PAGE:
1. Pills are good enough, why do I need Condoms?

If used properly, condoms are 98% effective against pregnancy. However, with typically how condoms are used, the efficacy is 85%. This means, 15 women get pregnant out of 100, despite their partners using condoms.

That doesn’t mean condoms are not good enough or pills are. Condoms serve as a way to prevent STIs besides preventing pregnancy. Pills cannot do that. Hence condoms are necessary. Also, there are other precautions that need to be taken. For instance,

  • Just like pills condoms need to be used every single time.
  • Condoms need to be worn throughout, and not be put on too late or removed too early.
  • Condoms need to be worn in the proper size, based on your penis.
  • Ensuring your condoms are not expired.
  • Ensuring the condom isn’t punctured by jewellery or fingernails.
  • Not reusing condoms.
  • Ensuring that water and silicone-based lubes are used.

All this said and done, condoms are the best option humanity has when it comes to the prevention of STIs or Sexually Transmitted Diseases.

  1. Condoms can be harmful

Nope. Some people can be allergic to latex, or the lubricating material of the condoms. However, generally condoms should not have any negative effects on you. In case, you’re allergic to glycerine, spermicides or latex etc. you may need to do some of your research in order to find the best suitable condom for yourself. Or consult an expert to get more clarity on what to use.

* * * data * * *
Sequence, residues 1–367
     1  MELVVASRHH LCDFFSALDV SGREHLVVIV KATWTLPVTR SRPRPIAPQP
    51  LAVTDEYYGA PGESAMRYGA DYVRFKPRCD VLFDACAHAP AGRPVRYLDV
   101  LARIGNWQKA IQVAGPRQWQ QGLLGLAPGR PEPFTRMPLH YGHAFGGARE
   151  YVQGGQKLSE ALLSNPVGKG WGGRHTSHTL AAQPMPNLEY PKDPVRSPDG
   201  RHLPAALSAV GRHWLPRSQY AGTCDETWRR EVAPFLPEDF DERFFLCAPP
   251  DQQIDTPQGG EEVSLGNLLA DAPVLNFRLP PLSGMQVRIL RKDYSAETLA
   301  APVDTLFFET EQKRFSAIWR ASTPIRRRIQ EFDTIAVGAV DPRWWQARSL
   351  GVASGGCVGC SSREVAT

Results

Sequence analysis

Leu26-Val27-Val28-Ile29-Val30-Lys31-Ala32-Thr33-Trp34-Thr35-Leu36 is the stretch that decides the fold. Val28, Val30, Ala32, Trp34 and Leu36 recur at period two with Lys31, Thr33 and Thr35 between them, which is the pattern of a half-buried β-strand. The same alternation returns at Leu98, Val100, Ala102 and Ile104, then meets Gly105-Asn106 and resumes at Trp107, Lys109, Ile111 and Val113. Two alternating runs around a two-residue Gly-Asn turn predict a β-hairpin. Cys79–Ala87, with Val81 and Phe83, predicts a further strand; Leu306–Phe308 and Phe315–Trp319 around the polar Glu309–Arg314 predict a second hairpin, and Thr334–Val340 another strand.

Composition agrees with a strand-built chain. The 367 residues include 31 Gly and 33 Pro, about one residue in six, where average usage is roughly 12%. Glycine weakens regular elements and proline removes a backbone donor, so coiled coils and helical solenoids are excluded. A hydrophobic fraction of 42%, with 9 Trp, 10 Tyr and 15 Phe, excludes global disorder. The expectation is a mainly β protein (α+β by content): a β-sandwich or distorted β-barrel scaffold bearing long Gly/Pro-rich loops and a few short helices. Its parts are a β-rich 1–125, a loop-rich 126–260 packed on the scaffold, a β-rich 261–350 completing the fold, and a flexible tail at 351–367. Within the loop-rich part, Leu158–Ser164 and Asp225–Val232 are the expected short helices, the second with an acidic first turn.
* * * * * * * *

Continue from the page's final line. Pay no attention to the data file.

1. Condoms are cumbersome to use

Most people who find condoms cumbersome to use are either picking a wrong size or are trying to put it like a shower cap, rather than a hat. The best and the simplest way is to roll a condom on without inserting your fingers in it to pull it. There are even condoms that are designed in a way that you can’t put them wrong.

Usually it’s the women’s condoms that can be difficult to use, but male condoms are one of the simplest medical devices, designed to be used so far.

  1. Condoms are only function and lack variety

Again, no. There are dotted condoms, ridged condoms, flavoured condoms and even condoms that give tingly and warm, sensations. Most new-age condoms are designed to ensure not just the functionality but also to enhance sexual pleasure. Additionally, combine them with some nice flavoured lube and you’re all set to go.

I hope I’ve answered a lot of your questions related to condoms. If there are any other questions that you’re looking for answers to, feel free to reach out and ask. We may or may not have all the answers, but we promise to seek them out for you.

Till then, play hard, play safe!



I am a fun person who gets to watch porn for research. I have written books about BDSM and these days I love writing here in my newly discovered bindaas and Besharam style. Any questions, fantasies you want to have stories written about, or confessions to share, do drop me a line :)

December 28, 2018
January 6, 2019